In this free-to-view in-depth focus: Prime time for qPCR – raising the quality bar, PCR to diagnose infectious disease, plus qPCR Roundtable...

René Dirks, Department of Molecular Biology, Radboud Institute for Molecular Life Sciences (RIMLS)

Understanding early mouse embryonic development using single-cell mRNA Sequencing

3 July 2014  •  René Dirks and Hendrik Marks, Department of Molecular Biology, Radboud Institute for Molecular Life Sciences (RIMLS)

Biomedical research often involves the use of cell lines that can be cultured in a laboratory. Individual cells within such cell lines often share a similar morphology. A remarkable exception are in vitro cultured mouse Embryonic Stem Cells (mESCs) – pluripotent cells derived from the blastocyst stage of the mouse developing embryo. Different from many other cell lines, mESCs show heterogeneity in morphology and gene expression between the individual cells within a population. This heterogeneity makes it challenging to characterise mESCs at a molecular level, since global profiling methods generally require large numbers of cells. However, new methods and technologies allow global transcriptome profiling of individual cells. By capturing the global transcriptome of many individual cells using single-cell next-generation mRNA-sequencing, our research focuses on the identification of novel transcription factor modules that contribute to the unique pluripotent state of mESCs, as well as to the differentiation of mESCs, as a model for early mouse embryonic development...

Stem Cells In-depth Focus

Stem Cells: In-depth focus 2014

15 April 2014  •  Sarah Baird, Graham Kelly, Gil Mor

In this free-to-view in-depth focus: Mesenchymal stem cells in cancer therapy - our chance to take charge, and Ovarian cancer stem cells - an essential target for durable remission...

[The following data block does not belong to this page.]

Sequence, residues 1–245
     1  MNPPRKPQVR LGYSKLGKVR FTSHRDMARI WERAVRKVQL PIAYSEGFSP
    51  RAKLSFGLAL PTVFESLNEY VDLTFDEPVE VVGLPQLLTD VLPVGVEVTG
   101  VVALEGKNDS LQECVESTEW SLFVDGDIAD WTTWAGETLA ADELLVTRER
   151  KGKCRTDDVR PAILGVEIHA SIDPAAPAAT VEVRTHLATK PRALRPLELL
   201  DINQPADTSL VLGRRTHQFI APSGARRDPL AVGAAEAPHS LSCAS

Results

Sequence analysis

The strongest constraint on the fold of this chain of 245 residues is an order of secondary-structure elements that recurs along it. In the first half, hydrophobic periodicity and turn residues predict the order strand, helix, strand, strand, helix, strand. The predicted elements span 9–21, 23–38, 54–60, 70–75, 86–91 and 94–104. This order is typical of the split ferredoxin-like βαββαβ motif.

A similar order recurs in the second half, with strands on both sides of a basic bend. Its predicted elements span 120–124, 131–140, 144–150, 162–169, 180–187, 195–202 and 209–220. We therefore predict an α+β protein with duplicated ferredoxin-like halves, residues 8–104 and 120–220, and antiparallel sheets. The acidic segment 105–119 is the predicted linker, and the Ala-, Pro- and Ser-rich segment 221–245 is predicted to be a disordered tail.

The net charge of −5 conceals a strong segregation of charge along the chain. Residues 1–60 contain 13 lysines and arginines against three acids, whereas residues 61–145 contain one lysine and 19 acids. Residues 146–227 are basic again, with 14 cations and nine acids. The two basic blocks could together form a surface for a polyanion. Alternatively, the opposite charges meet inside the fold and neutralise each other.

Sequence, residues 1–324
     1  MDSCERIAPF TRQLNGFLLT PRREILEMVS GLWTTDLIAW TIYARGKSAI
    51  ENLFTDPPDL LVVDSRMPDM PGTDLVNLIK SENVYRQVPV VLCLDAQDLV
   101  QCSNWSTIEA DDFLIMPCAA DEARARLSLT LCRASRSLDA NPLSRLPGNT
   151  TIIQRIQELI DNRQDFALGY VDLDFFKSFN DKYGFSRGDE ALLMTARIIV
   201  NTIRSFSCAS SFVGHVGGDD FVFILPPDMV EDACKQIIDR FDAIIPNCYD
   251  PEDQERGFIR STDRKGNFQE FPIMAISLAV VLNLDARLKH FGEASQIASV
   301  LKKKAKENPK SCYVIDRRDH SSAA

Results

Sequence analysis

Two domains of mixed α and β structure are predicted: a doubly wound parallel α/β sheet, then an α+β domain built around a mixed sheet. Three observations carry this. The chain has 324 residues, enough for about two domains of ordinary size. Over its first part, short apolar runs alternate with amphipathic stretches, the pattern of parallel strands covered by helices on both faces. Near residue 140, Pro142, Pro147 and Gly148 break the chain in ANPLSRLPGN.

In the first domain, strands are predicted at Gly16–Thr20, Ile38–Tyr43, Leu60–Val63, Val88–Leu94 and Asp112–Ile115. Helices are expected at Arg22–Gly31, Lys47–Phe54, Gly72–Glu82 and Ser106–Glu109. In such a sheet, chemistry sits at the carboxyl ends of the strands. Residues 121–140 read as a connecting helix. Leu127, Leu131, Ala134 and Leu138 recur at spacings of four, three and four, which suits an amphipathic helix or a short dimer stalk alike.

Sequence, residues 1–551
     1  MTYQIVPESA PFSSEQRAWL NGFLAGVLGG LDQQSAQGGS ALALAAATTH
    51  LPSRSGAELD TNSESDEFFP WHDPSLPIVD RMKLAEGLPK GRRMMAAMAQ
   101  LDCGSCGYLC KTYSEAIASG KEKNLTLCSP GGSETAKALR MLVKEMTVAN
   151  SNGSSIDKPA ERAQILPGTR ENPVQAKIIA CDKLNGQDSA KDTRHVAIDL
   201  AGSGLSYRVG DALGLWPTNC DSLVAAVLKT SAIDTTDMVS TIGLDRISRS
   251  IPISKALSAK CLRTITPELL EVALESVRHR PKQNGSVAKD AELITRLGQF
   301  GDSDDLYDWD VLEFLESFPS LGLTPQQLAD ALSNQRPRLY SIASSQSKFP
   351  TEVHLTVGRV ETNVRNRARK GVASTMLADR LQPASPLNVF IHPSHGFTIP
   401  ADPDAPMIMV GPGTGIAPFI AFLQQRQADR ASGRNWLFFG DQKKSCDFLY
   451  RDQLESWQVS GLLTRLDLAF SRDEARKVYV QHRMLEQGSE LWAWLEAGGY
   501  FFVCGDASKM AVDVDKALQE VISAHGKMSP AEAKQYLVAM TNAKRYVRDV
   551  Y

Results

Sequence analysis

Double Helix

RNA: Converting imaging-based cell biology to high-throughput biology

19 February 2014  •  Juha K. Rantala, Department of Biomedical Engineering and Knight Cancer Institute, Oregon Health and Science University

The last 10 years in biomedical research marks the period of deepening our understanding of the human genome. In the context of cancer research, The Cancer Genome Atlas (TCGA) and related international genomics efforts have now revealed the full complexity of genomic aberrations in human cancers that are postulated to contribute to the aspects of cancer pathophysiology. It is plausible that an ensemble of the numerous aberrations in each individual tumour collaborate at various strengths to deregulate master signalling pathways of cells, thereby enabling the established cancer ‘hallmarks’.

Roche acquires in vitro diagnostics company GeneWEAVE

Next generation sequencing: Application of next generation sequencing to preclinical cancer model profiling

15 December 2013  •  James R. Bradford, Oncology iMED, AstraZeneca Pharmaceuticals